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He prodded Cook to manufacture his iPhones and other gear at home rather than outsource them to China. "One of the things that will be a real achievement for me is when I get Apple to build a big plant in the United States, or many big plants," Trump said he told Cook.
That sums up the economic vision of the Trump administration. The president and his advisers are convinced more factories can cure the trade deficits, lackluster growth, and (supposed) joblessness plaguing the U.S. economy. Trump has vowed to lure back plants that departed for cheaper locales such as China or Mexico and sanction companies that dare to leave. The result, he claims, will be investments that revitalize down-on-their-luck communities and American economic vitality. "We will bring back our jobs," he pledged in his inauguration speech. "We will bring back our dreams."
The president, though, is plain wrong. Factories won't restore the American dream. That’s because they don’t contribute as much to the economy as they once did, despite all the fuss politicians make over them. Chasing them with pro-factory policies will not only fail to bring the benefits Trump has promised but could also hurt the very middle-class families they’re designed to help.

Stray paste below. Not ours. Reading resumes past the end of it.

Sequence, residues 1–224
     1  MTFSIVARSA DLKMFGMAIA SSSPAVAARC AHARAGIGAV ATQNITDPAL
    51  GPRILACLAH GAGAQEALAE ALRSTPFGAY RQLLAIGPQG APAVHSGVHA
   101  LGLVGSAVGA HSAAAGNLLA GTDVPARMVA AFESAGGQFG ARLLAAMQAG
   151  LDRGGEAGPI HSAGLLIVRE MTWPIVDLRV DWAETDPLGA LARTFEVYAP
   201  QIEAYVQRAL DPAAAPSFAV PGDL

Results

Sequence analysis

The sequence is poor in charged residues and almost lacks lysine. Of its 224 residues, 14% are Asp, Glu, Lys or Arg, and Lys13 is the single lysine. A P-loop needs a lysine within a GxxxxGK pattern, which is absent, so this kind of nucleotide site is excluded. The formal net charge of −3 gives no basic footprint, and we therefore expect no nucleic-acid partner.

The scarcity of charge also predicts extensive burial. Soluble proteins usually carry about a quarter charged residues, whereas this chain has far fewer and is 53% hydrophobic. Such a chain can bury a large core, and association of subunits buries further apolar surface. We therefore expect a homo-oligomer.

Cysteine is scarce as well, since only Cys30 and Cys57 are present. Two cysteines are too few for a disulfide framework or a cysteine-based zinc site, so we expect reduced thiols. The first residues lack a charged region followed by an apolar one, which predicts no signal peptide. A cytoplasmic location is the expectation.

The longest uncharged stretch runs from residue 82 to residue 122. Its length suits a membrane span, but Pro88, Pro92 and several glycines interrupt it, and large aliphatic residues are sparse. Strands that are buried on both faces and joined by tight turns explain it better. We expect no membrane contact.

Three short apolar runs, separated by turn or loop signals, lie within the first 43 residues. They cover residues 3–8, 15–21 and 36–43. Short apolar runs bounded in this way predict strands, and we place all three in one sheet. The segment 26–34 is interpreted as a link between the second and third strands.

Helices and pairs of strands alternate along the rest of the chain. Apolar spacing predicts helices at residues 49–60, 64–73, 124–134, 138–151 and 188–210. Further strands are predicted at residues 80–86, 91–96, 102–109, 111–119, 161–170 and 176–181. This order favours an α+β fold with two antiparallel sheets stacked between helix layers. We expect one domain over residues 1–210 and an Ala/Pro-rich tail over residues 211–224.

A die-hard conviction remains among many Americans that the more an economy manufactures, the stronger it is. Some workers feel that making steel or cars is more respectable than stacking shelves at a Gap, and the Trump administration readily agrees. Calling steel "critical to both our economy and our military," the president signed an executive order in late April that in all likelihood will lead to curbs on imports to protect U.S. mills. Peter Navarro, one of Trump’s key economic advisers, argues that bringing factories back from foreign countries will shore up the nation’s growth and security. “One of the goals of the Trump administration is to reclaim all of the supply-chain and manufacturing capability that would otherwise exist if the playing field were level,” he recently said.
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